So far, Dr. Camarata has done approximately 50 knee replacements using the iASSIST, and although it is very early in the follow-up period, his patients have done uniformly well. All of my postop X-rays have been in neutral mechanical alignment, with zero outliers,” he said. “I am seeing patients with results at 6 weeks that previously took 6 months to attain.”

    Minimal Learning Curve

    The learning curve for orthopaedic surgeons who want to adopt iASSIST is minimal, Dr. Scuderi said, because “the use of iASSISt does not change the flow of the procedure and adds intelligence to instruments that are very familiar to surgeons who use conventional instruments. For those surgeons who are familiar with computer navigation, they have found the setup to be simple and more rapid than the more elaborate setup of optical navigation system.”

    Dr. Scuderi has run a number of training sessions for orthopaedic surgeons, and “I have found surgeons to be very excited about iASSIST and quickly adapt to the surgical technique. They were also amazed at the accuracy and reproducibility of the technology.”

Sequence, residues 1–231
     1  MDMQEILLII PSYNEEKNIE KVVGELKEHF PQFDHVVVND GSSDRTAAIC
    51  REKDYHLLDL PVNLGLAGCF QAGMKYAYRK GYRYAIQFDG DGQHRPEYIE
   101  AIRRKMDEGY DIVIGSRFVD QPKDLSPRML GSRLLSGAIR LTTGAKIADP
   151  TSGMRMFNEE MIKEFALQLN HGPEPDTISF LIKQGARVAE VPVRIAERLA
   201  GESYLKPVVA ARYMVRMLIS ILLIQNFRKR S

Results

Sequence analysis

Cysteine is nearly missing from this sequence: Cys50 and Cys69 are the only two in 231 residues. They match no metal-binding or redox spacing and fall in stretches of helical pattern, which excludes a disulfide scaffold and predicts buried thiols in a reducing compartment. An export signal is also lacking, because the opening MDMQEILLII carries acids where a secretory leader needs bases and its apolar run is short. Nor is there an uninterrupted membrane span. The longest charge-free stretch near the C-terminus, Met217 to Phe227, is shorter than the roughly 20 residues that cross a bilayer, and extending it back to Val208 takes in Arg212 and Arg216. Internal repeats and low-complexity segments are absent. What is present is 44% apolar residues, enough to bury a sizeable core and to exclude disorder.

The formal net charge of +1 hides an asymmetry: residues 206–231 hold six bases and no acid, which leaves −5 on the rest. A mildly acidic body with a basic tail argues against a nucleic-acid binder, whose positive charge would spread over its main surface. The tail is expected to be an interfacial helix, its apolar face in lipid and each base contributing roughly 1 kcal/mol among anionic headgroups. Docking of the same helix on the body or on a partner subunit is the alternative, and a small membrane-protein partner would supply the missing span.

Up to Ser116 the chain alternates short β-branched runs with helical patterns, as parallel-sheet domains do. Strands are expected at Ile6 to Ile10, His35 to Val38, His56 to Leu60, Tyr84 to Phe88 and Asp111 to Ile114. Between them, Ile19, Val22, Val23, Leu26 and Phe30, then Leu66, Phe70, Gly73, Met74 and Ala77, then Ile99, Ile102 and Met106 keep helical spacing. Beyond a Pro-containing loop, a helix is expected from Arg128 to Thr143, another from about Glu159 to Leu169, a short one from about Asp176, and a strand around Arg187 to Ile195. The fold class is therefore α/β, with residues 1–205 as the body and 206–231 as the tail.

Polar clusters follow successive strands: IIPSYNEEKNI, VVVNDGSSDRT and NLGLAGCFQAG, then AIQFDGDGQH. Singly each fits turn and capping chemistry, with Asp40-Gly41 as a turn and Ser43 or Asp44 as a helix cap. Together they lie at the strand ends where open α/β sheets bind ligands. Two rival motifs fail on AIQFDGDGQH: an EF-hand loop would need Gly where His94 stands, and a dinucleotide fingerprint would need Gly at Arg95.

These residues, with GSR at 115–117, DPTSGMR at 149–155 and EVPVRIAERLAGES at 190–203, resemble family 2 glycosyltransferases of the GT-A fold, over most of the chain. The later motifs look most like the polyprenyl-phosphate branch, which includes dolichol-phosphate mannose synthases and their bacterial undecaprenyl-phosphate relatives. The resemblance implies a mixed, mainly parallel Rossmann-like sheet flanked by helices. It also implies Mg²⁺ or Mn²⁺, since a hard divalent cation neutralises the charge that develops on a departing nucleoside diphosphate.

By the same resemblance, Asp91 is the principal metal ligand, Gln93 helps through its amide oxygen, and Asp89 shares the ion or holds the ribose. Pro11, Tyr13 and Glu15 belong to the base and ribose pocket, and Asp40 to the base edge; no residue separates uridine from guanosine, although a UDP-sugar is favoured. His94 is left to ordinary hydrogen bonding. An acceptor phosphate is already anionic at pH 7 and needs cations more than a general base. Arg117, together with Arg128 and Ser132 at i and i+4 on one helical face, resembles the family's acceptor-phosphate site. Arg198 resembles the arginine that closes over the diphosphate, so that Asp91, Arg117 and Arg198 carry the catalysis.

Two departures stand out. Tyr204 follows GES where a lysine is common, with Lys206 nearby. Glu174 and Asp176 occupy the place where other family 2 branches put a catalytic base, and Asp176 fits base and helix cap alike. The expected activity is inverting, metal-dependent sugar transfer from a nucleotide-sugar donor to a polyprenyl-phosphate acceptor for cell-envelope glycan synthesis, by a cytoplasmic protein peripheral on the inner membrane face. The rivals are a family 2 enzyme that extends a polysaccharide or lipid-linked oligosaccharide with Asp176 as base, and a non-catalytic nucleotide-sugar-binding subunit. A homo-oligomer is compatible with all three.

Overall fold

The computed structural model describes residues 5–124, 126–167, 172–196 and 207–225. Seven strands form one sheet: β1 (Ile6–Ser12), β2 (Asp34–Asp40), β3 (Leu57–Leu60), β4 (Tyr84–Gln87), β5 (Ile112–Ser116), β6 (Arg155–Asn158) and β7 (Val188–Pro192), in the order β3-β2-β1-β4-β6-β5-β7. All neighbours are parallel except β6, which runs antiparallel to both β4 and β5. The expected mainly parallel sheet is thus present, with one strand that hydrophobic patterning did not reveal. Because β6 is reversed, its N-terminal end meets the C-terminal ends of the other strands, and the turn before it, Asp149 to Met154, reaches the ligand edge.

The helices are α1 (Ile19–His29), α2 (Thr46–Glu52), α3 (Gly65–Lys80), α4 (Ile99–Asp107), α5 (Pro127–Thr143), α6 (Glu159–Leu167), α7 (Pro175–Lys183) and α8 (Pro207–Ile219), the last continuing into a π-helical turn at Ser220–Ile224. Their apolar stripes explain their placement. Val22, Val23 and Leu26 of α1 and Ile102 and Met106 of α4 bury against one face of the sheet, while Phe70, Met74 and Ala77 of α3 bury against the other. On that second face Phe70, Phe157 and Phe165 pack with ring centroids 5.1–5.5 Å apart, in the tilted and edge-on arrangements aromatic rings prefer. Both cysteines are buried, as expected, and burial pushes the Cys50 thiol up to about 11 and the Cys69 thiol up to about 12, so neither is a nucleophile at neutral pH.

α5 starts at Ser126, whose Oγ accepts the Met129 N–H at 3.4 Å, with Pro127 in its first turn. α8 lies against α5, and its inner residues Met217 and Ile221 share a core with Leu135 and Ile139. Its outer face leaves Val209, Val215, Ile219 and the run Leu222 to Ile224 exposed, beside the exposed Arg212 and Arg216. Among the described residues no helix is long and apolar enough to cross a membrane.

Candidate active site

Dr. Camarata and Dr. Gilbert agree with this assessment.

    “The look and feel are the same for most surgeons,” said Dr. Camarata. “It is not a great leap of faith to use iASSIST, and it is simple to convert to conventional arthroplasty if there is any uncertainty during the procedure.”

    Initially, using iASSIST added 3 to 5 minutes to his knee procedures. “Now,” Dr. Camarata said, “it’s down to our normal time.”

    Dr. Gilbert noted that “every new instrument has a ‘feel’ that different surgeons acquire at different rates. Still, iASSIST is easy to learn and the curve is short. This is one of its strongest advantages.”